Despite its place as the more traditionally Japanese-friendly console of the two, the PS3 always fell painfully short of the 360’s surprisingly robust library of shooters. While it may have been a primarily Western oriented console, the Xbox 360 was, for all intents and purposes, the unofficial home of one of the most quintessentially Japanese genres of all – the shoot-em-up (or shmup). With Cave, Treasure and a host of other Japanese developers committing to the platform, the 360 provided a rich source of classic vertical and side scrolling shooters. The PS3 wasn’t without its own of course, but rather bizarrely, many of the finest shooters of the generation became Xbox 360 exclusives.
The same does not appear to be true of this generation. The Xbox One is shmup poor, and while the PS4 isn’t exactly bursting at the seams, there is a decent collection slowly growing with Active Gaming Media’s largely enjoyable, Prismatic Solid filling the traditional, vertically-scrolling shooter gap. A much more colourful and far trippier shooter than your average Japanese fare, Prismatic Solid’s relatively unique aesthetic is just one aspect of its design that makes it stand out from the bonkers but often surprisingly uniform crowd.
Beyond its psychedelic visual design and bizarre enemies and locations, Prismatic Solid distances itself from the majority of shooters by giving the player immediate access to 6 different types of weapon. Like Treasure’s genre defining, Radiant Silvergun, Prismatic Solid does away with ship upgrades and weapon drops and instead provides full access from the off with each weapon proving the weapon of choice for specific circumstances and enemies. It has obviously been done before, but this mechanic is rarely used and gives the game a unique tactical depth that works thanks to the games’ solid selection of enemies and obstacles. It’ perhaps not as deep as it thinks it is (the scoring system is a bit of a let-down), but still, the game does just enough to warrant this on the fly, weapon switching mechanic.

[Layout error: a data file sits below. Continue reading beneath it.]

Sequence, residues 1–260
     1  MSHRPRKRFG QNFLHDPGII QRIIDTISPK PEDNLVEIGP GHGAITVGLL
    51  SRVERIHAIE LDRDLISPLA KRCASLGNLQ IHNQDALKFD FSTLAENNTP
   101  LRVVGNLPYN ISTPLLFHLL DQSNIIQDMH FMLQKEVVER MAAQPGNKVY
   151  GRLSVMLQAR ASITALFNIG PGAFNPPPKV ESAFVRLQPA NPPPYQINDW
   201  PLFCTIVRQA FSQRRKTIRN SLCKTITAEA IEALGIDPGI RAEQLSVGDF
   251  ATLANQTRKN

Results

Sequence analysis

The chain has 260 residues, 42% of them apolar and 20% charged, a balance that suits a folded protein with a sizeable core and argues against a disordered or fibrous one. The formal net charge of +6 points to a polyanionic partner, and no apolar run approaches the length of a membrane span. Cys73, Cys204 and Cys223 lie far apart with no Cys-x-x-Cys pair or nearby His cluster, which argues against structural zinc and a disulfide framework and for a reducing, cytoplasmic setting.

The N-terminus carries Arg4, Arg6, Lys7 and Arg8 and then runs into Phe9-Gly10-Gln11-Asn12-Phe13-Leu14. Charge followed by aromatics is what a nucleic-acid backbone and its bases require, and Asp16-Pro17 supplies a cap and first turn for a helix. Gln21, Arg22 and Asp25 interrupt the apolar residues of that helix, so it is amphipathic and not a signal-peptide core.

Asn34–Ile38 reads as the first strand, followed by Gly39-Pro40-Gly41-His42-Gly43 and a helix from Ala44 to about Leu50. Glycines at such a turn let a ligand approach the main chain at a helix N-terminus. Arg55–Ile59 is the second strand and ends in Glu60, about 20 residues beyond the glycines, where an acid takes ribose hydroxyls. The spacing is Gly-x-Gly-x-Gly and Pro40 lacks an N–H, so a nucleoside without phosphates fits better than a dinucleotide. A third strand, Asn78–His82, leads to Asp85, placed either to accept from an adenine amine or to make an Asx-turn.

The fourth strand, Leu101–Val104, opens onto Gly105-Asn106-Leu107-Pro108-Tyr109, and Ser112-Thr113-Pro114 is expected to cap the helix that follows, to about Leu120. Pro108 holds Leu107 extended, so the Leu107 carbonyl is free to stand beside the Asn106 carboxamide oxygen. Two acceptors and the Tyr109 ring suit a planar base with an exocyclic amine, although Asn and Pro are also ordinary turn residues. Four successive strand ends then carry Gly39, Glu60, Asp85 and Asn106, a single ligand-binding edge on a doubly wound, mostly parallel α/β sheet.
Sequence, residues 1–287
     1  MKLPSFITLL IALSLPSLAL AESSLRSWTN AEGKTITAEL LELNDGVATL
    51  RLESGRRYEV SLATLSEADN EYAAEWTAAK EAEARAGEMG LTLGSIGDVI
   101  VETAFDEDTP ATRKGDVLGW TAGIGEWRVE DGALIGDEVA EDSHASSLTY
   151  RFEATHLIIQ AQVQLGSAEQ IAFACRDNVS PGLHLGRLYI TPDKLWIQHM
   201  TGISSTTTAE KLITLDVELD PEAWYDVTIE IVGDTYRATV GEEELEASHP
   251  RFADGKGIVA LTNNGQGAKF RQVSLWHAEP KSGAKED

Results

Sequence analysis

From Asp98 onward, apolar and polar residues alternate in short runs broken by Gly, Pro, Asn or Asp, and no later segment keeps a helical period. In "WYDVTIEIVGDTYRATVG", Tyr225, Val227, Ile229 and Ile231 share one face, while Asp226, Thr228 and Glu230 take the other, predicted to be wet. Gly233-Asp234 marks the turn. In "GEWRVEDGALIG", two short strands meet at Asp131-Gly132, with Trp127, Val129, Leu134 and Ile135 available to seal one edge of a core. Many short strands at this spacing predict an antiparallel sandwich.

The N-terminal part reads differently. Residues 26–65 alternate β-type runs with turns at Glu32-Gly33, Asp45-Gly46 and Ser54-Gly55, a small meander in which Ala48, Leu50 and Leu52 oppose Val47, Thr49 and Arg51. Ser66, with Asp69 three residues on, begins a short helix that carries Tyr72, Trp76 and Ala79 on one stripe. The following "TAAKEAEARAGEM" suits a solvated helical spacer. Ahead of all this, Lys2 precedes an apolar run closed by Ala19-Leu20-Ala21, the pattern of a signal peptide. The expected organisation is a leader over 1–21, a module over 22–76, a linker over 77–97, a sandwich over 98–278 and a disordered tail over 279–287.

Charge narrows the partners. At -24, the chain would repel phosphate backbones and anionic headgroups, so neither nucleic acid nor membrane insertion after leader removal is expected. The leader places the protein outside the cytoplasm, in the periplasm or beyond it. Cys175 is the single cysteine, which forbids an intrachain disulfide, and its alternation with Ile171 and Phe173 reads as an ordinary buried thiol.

The thing that really brings this unique selection of weaponry to life however is Prismatic Solid’s R-Type like orbs. Not only do they provide additional attack capabilities of their own, but their shield formation changes based upon the weapon that you are currently using, thus giving the game a very effective risk / reward mechanic that asks you to balance shield power against weaponr power at every turn. They also deliver a visual flair to your otherwise rather boring looking ship, but sadly do so at the cost of actual visibility. Between these laser-like orbs and the constant explosions of colour going on at each and every turn, it’s actually rather easy to lose track of your little ship and thus far easier to come into contact with the scenery / enemies by accident. A lack of skill was occasionally the primary reason for my death, but far too often, I found myself losing a life due to the lack of ship visibility. It’s a relatively minor gripe, but one that could, and really should have been avoided, and in a game of such fine margins and high-score chasing, avoidable deaths can prove hugely frustrating.
As previously mentioned, these uniquely coloured pods can be used to protect your ship from projectiles while also delivering an array of special wave attacks. Colour co-ordinated power ups are used to charge each of the pods so that you can unleash additional burst attacks, but again, beyond simply saving ammunition, you must take into consideration the fact that using these wave attacks will also diminish the size of each pod and thus come at the cost of shield size. This addition is particularly revelatory, but again, its is the complete package and array of relatively unique design choices that have combined to create one of the more distinct and enjoyable shooters of the generation.
As with the majority of shmups, Prismatic Solid is very short of content. There are just five relatively brief stages to navigate with an additional bonus stage for those who unlock it. There is a second run available upon completion, but this is basically the same collection of stages revamped and with a higher difficulty. As always, it will be the draw of the leaderboards that will keep many coming back. The scoring system itself isn’t the finest example you’ll come across, but it does the job and provides the carrot and stick required to keep gamers coming back to replay the same missions over and over again.
The scoring system is far from perfect, the wave formation of the enemies not the most imaginative and the boss battles are occasionally underwhelming, but despite these issues, Prismatic Solid delivers a visually unique, mechanically interesting and, above all else, hugely enjoyable vertically-scrolling shooter. It’s no match for Treasure or Cave’s finest examples of the genre, but judged on its own merits, this is a fine addition to the ever growing library of fantastic indie titles on the PS4 and another great shooter to add to the collection.
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